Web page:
But the beautiful in B&W is that the developing process is very simple, at normal temperature and all you need essencialy is developer and fixer. Many people is using color C-41 films cross-processed in B&W chemicals, but you need a very good scanner to scan at transparency because the negatives are very dense and they are not good scannable reflexive.
In my experiences with a new hair dye, that does not develop color films, I putted Parodinal in 1:100 proportion in a soup containing hair dye, sodium carbonate and sodium sulfite and with this I developed a color film, bleach bypassed. The result was a very good B&W image on a white background, suitable to be scanned reflexive, and almost opaque, so not suitable for transparency scan.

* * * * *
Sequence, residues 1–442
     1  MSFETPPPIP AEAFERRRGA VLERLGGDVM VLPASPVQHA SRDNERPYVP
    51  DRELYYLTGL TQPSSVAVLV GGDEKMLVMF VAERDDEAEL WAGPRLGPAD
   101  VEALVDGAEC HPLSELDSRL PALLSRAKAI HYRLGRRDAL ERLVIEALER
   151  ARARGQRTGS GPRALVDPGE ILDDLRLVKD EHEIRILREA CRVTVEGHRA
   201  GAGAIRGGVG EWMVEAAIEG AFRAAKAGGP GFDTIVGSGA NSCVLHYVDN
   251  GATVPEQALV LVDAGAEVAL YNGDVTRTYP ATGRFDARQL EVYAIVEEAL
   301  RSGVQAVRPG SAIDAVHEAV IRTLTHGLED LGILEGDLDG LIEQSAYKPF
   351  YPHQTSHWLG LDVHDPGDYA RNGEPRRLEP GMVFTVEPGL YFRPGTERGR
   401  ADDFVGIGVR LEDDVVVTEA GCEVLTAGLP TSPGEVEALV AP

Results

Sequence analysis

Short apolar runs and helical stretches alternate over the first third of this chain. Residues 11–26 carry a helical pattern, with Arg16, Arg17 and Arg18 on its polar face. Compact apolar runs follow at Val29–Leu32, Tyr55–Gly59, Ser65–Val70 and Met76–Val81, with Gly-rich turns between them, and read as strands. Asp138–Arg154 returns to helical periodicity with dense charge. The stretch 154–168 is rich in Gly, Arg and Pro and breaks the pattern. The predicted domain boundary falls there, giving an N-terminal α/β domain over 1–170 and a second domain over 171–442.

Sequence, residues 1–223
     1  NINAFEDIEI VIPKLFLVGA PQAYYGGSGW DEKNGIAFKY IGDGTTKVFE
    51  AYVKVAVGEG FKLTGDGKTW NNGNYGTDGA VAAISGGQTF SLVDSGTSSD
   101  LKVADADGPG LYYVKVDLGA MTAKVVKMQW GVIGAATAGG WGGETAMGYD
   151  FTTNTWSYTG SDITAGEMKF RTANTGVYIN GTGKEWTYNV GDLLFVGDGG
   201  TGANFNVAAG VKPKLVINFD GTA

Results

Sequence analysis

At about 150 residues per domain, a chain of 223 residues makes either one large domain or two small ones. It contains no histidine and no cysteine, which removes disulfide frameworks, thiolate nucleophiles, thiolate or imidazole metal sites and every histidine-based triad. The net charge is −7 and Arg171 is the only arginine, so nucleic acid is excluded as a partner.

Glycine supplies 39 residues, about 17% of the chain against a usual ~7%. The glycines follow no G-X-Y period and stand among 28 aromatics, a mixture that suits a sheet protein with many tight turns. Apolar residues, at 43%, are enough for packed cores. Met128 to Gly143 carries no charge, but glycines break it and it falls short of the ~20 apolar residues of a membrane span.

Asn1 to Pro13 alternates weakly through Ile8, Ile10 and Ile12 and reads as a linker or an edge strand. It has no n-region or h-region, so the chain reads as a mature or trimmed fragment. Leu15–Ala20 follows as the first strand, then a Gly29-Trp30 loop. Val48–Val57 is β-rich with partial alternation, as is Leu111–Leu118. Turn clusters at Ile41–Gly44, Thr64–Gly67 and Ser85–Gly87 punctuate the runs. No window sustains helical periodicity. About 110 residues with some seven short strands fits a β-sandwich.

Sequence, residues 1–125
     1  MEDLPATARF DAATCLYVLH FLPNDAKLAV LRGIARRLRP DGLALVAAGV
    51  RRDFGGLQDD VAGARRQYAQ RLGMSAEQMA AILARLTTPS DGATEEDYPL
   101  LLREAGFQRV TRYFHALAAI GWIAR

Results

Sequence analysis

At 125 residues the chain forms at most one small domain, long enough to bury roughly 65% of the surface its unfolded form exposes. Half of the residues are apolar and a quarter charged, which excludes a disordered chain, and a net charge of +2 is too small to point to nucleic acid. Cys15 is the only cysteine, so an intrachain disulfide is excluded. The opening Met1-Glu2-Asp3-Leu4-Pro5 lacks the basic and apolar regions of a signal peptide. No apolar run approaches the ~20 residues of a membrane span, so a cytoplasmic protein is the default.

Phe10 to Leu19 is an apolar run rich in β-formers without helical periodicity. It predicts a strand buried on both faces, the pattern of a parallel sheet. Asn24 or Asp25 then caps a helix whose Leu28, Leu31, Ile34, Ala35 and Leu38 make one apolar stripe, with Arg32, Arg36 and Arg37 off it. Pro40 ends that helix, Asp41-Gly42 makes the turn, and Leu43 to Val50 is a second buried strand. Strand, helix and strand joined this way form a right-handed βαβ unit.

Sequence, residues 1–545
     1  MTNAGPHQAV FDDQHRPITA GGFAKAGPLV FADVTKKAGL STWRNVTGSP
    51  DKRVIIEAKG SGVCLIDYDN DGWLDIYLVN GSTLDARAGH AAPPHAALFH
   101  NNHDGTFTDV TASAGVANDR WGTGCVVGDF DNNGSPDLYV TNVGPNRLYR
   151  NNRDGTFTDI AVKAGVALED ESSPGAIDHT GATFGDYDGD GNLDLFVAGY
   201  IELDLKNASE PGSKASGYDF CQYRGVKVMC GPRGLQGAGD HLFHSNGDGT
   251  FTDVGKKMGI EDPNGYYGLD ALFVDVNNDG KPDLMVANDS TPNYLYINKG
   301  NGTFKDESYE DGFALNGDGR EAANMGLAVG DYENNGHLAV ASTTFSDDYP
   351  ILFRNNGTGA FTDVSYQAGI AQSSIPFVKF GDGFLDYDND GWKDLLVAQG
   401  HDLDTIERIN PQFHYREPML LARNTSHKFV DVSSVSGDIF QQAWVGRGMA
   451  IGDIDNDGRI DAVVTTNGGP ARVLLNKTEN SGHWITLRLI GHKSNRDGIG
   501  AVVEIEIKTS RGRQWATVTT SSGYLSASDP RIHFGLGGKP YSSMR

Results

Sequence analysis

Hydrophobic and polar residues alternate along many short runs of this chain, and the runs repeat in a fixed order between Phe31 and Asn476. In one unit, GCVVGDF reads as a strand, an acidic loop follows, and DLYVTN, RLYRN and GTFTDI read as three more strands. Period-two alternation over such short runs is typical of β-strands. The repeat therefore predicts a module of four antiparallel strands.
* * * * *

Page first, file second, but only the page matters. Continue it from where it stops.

|Inverted reflexive scan of the color C-41 film|
|Example of one picture|
I only used a small piece of film for test, but I will try this again with a complete film exposed outside. I think we may have better quality adjusting times and scanner parameters. But this is what film manufacturers should offer, a film that you may develop and scan with a normal scanner, using normal chemicals and not specially prepared ones like I did. There is another possibility of getting a picture on film that may be scanned with a normal scanner, I will explain that in another post!